The Importance of Improvising

Mozart, Chopin, Bach, Beethoven and Liszt were all renowned as improvisers.  With the exception of Chopin, these composers performed improvisations in concert settings.  In fact, during the Baroque Era, improvisation was the norm as pianists often had to work out accompaniments of their own based on a series of chord symbols known as a figured bass.   In the romantic era, Chopin generated his compositions by improvisation.  His friend, the writer George Sand, called Chopin’s pieces  “a pale shadow of his improvisations´ , a sentiment that was repeated by many others who heard him improvise.  For Debussy too, improvisation was his most significant creative source and he claimed that his unique harmonies came from “following the law of pleasure of the ear”.  Today, Jazz music is built entirely around improvisation while in the classical music world; there are very few performers who continue the practice of public improvisation. However I believe that this is changing and that there will be a resurgence of improvisation in the classical music arena.  Pianist Robert Levin has been leading the charge in this area for a number of years and is world renowned as a classical improviser.  What I find most intriguing about Robert Levin is that he says that improvisation is a skill that he had to learn. I say this because most people imagine that the ability to improvise is an innate skill.

Robert Levin Improvising Mozart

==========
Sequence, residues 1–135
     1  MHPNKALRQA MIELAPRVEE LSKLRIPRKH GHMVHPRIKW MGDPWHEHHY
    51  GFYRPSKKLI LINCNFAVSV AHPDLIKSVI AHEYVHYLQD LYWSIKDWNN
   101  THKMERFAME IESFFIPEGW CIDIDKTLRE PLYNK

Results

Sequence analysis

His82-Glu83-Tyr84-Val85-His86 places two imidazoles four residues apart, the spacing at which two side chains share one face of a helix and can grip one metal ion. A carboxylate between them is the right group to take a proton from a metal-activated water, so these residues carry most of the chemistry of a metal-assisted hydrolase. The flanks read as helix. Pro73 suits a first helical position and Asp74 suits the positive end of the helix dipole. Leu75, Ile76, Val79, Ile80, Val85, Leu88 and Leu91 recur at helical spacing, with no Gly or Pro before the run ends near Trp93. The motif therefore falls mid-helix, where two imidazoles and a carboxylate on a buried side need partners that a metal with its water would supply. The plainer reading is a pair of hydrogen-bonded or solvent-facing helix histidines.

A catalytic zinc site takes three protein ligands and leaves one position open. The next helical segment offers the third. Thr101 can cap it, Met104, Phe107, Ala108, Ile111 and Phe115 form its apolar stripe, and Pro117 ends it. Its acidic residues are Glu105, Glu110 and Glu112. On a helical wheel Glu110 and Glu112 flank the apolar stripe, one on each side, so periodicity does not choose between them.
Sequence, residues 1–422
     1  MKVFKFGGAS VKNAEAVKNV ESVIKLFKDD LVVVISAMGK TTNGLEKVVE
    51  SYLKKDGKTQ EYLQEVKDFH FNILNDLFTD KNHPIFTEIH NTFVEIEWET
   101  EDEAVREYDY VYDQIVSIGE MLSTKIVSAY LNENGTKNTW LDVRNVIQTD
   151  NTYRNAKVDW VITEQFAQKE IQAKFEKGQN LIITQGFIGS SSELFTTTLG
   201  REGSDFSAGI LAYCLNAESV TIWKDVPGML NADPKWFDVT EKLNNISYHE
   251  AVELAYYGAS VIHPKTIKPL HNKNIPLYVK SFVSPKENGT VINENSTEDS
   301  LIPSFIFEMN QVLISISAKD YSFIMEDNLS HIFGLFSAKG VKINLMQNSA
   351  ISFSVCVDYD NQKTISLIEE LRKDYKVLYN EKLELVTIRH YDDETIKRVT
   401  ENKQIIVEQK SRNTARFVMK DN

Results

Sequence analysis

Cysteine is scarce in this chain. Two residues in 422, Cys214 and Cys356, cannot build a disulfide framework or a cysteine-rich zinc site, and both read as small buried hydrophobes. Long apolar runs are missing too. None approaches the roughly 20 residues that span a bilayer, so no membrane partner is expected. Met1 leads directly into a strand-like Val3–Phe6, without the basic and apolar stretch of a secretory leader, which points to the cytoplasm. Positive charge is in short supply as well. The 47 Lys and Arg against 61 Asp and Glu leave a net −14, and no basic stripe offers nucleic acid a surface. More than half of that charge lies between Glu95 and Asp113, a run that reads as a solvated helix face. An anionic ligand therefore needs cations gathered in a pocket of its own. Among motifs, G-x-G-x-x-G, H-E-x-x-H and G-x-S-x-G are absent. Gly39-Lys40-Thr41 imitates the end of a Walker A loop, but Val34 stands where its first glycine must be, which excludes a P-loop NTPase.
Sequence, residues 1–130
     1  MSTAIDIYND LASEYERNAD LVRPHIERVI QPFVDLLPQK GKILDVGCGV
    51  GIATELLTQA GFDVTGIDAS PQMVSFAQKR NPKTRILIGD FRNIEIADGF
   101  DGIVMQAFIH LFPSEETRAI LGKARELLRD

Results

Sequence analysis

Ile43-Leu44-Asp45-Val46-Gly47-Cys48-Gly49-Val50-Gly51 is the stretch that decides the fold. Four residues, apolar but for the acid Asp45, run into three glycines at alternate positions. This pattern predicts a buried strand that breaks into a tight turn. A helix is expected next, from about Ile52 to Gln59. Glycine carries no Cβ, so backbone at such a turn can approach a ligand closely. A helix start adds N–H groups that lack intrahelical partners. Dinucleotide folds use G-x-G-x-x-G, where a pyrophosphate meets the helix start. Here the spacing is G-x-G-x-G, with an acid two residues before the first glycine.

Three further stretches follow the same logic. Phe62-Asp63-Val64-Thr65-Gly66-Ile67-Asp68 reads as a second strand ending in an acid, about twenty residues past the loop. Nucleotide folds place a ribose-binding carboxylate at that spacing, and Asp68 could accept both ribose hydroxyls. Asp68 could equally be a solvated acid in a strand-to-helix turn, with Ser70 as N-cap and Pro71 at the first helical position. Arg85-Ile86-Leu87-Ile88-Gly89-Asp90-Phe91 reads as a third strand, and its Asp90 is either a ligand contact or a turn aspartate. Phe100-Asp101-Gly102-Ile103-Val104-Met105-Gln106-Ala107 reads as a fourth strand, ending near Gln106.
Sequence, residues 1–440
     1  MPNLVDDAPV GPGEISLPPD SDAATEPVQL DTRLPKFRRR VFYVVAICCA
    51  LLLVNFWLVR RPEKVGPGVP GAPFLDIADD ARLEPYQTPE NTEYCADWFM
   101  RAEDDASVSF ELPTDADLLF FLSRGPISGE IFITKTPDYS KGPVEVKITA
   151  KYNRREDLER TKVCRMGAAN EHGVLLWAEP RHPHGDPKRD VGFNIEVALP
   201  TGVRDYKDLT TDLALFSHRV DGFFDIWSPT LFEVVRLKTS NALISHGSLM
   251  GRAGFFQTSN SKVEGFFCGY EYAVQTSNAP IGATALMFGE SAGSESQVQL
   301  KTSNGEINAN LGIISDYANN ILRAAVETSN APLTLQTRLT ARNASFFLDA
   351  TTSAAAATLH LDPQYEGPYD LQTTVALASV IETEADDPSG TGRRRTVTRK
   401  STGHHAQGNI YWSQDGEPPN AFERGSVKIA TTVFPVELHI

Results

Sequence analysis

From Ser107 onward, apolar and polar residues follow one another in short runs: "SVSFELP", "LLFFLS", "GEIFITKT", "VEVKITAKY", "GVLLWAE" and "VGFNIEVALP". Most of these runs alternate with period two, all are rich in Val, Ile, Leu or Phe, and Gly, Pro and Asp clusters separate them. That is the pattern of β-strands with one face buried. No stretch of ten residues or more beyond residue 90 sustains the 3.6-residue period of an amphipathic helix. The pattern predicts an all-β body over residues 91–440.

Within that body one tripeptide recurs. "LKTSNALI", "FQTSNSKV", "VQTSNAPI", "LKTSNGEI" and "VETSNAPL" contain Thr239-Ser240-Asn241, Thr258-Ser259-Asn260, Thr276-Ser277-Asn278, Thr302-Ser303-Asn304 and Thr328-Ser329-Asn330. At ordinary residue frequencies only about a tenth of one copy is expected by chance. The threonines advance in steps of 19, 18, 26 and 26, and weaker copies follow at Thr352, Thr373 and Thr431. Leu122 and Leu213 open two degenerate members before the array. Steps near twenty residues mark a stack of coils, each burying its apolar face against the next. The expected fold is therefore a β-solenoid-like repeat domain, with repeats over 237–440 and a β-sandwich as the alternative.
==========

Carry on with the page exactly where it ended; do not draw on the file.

My formal music education was largely based on classical music and did not include the art of improvisation at all. Nor was it a part of the education of any of my peers at that time.  Improvising was something that I did on my own time without guidance.  I was never encouraged to do it by anyone and as a result, I did not do it very often. Even today, improvisation still does not seem to be a part of many people's musical education.  I feel that this is unfortunate because the benefits of improvising are enormous. First, it is pure joy as it is immediately gratifying. The ability to improvise during a performance and cover a momentary memory slip is a very desirable skill for every musician. The development of the musical ear is enhanced in students and musicians who allow themselves to freely improvise and vice versa.  Less obviously, the ability to sight read is also enhanced. Sight reading is not just a matter of note and pattern recognition.  Sight reading also requires musicians to draw upon their musical intuition to anticipate what is coming next in the score.  Improvising is one of the best ways to develop your musical intuition.  And wouldn't it be wonderful to walk by a piano and be able to sit down and play even when none of the pieces you are working on are performance ready yet?  So when your child is playing around on the piano or digital keyboard and making up his/her own tunes instead of practising what has been assigned to them, do not be too harsh.  In fact, I'd prefer that you encourage this creative outlet even if it means that formal practice is temporarily suspended. For my part, you can expect me to work towards making improvising a regular part of the practice routine of my students and to introduce more tools to help students improvise. Two resources that I am using to assist in the development of improvisation skills are  Chord Play and Pattern Play.